Five years ago, when the local chapter of the NAACP wanted to give Clippers owner Donald Sterling a lifetime achievement humanitarian award, Los Angeles’ African American community was divided.
Sterling had been a prominent donor to the NAACP chapter for more than a decade. He ran newspaper ads touting his charity’s generosity to L.A. organizations that help the poor communities.
But the real estate magnate had just paid $2.73 million to settle U.S. government claims that he refused to rent his apartments to Latinos and blacks in Koreatown.
“The NAACP airbrushed this away and simply said that Sterling has been a gem in giving oodles of tickets away to needy inner city kids and ladling out some cash to charities and sports camps for them,” community activist Earl Ofari Hutchinson wrote at the time on his website.
The organization decided to go ahead give him the award. And in May, it was set to hand him a second honor as part of a gala marking the NAACP’s 100th anniversary.
Then recordings emerged in which a man said to be Sterling asked a female friend not to publicly associate with African Americans.
This time, the NAACP withdrew the award. But as the scandal unfolds, some have questioned why it had associated itself with Sterling for all these years.
Leon Jenkins, president of the NAACP branch, declined to say how much Sterling had given the organization recently.
He said he didn’t cut ties with Sterling until now because the group was reluctant to make decisions based on “rumors.”
“We deal with the actual character of the person as we see it and as it is displayed,” he said.
Jenkins said NAACP officials spoke with Sterling in 2009 about the housing discrimination case as well as a suit that NBA great Elgin Baylor filed accusing Sterling of racism when he ousted Baylor as general manager.
Baylor claimed that the organization had a “plantation mentality” in a deposition, and that Sterling rejected a coaching candidate, Jim Brewer, because he was black.
Jenkins said the NAACP officials told Sterling: “If any of the allegations in those lawsuits are true, you need to pay those people, you need to make amends.”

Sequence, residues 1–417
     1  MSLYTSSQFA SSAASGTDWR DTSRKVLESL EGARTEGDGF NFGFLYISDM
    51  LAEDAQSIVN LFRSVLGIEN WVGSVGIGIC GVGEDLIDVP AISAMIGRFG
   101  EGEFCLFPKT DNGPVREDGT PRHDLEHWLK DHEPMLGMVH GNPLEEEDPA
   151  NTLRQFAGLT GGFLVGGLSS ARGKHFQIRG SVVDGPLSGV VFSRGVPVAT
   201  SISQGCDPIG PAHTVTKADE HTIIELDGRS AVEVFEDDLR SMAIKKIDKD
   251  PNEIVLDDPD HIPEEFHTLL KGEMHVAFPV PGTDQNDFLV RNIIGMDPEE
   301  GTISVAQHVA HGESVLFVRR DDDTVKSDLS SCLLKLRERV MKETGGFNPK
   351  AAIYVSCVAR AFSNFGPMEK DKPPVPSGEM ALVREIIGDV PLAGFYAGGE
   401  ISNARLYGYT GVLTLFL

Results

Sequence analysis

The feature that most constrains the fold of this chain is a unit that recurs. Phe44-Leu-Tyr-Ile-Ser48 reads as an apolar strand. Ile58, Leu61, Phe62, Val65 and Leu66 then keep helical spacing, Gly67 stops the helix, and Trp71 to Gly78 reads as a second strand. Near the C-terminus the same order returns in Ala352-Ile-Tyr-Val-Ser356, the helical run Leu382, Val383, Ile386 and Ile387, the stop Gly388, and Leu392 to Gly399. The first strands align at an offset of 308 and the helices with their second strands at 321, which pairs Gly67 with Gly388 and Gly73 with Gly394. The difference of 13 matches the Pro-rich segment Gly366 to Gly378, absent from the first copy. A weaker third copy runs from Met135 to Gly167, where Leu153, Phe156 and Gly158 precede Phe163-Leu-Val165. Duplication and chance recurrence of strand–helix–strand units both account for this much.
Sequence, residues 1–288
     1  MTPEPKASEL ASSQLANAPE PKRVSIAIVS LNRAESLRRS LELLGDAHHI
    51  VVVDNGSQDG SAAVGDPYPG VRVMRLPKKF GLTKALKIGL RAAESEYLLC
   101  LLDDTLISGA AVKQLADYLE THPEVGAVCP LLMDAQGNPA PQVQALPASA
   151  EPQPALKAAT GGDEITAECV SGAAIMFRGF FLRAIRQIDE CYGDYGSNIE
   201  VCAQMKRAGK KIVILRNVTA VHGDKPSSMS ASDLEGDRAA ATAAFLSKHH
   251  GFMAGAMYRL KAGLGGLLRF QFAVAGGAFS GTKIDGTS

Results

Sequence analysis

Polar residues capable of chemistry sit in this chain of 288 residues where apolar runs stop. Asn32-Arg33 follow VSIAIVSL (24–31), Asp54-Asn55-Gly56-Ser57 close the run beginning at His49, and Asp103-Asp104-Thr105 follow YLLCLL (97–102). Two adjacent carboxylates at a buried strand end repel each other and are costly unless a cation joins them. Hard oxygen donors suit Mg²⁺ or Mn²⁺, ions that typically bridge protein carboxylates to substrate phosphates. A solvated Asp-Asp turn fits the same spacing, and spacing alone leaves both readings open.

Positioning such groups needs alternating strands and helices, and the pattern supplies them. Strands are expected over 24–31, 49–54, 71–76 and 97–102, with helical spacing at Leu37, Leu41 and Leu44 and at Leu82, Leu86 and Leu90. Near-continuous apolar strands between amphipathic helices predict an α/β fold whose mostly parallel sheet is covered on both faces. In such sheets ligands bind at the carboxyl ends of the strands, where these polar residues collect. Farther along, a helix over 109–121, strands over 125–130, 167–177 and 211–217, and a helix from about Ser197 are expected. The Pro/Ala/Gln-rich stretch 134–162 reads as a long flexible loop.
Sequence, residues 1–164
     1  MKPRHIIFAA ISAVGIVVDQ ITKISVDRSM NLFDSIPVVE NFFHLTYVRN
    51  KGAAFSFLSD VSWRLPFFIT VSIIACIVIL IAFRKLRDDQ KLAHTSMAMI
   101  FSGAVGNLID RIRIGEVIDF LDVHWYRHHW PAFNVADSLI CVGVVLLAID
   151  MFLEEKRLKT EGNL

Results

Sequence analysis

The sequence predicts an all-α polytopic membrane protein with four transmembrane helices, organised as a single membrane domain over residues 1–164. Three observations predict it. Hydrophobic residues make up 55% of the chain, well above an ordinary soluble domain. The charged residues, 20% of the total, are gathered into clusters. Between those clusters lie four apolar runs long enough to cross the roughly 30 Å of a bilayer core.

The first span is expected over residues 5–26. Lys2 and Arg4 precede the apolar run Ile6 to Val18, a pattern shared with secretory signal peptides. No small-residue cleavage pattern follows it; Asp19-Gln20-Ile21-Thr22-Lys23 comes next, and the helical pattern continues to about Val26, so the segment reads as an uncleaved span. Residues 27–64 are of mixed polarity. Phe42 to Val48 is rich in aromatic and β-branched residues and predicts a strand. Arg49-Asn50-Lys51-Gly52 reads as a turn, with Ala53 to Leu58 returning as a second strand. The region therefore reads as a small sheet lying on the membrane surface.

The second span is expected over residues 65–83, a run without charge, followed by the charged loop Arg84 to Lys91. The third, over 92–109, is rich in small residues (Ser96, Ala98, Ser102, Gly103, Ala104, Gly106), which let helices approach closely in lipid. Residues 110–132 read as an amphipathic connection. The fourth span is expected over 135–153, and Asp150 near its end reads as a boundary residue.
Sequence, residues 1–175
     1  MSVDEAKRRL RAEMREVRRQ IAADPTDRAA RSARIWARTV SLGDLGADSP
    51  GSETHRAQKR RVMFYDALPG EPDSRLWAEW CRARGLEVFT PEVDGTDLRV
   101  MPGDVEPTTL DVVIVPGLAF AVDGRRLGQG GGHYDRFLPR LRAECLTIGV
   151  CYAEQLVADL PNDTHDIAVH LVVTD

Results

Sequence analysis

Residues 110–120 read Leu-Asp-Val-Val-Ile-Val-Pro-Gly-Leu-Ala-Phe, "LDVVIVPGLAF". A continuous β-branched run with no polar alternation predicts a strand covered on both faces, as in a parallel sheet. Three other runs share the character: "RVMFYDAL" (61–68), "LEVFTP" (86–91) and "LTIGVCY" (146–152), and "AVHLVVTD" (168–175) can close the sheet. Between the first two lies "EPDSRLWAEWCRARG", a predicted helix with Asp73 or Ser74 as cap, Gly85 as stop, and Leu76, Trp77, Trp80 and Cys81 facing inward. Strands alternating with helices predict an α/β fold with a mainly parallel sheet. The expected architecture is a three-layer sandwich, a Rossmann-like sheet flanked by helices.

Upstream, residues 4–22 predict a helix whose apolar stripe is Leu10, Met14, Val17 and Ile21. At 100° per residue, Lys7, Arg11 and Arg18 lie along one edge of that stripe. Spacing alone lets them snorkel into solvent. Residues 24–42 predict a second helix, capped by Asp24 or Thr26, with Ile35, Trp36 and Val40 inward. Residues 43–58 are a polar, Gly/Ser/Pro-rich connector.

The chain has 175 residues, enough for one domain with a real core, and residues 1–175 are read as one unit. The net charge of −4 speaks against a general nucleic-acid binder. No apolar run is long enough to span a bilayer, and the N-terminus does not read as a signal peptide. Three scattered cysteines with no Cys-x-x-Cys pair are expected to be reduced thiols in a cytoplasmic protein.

In 2011, Baylor dropped the race allegations from the suit, and Sterling hired an African American coach, Doc Rivers, last year.
The NAACP tried to build partnerships with other sports franchises in Southern California, Jenkins added, but “his organization was the only one that really came to the front.”
The chapter had recently been talking to Sterling about giving an endowment to Los Angeles Southwest College and donating more money to African American students at UCLA.
“That is something that shows — I don’t want to get into the good or bad — but it shows there’s a consciousness about the plight of African Americans and Hispanics,” Jenkins said.
On Monday, Jenkins said the organization would refund the money that Sterling donated. He did not say how much that would be.
But he rejected a call by the national leader of the NAACP, Lorraine C. Miller, to rescind the 2009 award.
“This is not a Heisman Trophy, dude,” Jenkins told a reporter.
Some black civic leaders said Sterling’s actions in the community trump the views he purportedly expressed in a private conversation
“He’s free to march around in a grand wizard outfit at night as far as I’m concerned,” said Connie Rice, a civil rights attorney. “But if he treats all of his players well, if he has African Americans on his coaching staff and he treats them with respect and they’re well compensated..... Those views are his own to hold.”
But Jasmyne Cannick, a South L.A. activist and political consultant, questioned why the NAACP was doing business with Sterling, who she said has done little for the African American community “other than writing a check.”
“I don’t want to see the organization marginalized or discredited over an issue like Donald Sterling,” Cannick said. “I hope it’s a wake-up call that it’s time to do some things differently from how they communicate to what they advocate to who they decide to lift up in the community.”
Hutchinson, president of the Los Angeles Urban Policy Roundtable, suggested that the NAACP do a better job of screening donors.
“Is this a payoff to your organization from Donald Sterling to essentially buy goodwill, to buy a civil rights imprimatur, to buy credentials as a humanitarian,” he said. “Are these credentials for sale?”
The L.A. chapter has long lived in the shadow of the NAACP’s Hollywood bureau, which has a history of activism in the entertainment industry. It’s the Hollywood chapter that runs the star-studded NAACP Image Awards.
The L.A. chapter in the past has been a leading voice on topics including the L.A. riots, police brutality and discrimination. But some activists say the chapter has been less active in recent years.
The chapter was prepared to honor Sterling at a gala in May. Newspaper ads for the event recently ran featuring photos of Sterling and Jenkins with the headline: “Two leaders. One unprecedented event.”
Asked Monday if the comments attributed to Sterling could be forgiven, Jenkins said the Clippers’ owner would have to prove that those words don’t reflect his true feelings.
“I think there’s room for forgiveness,” he said. “I wouldn’t be a Christian if I said there wasn’t.”
Times staff writer Paul Pringle contributed to this report.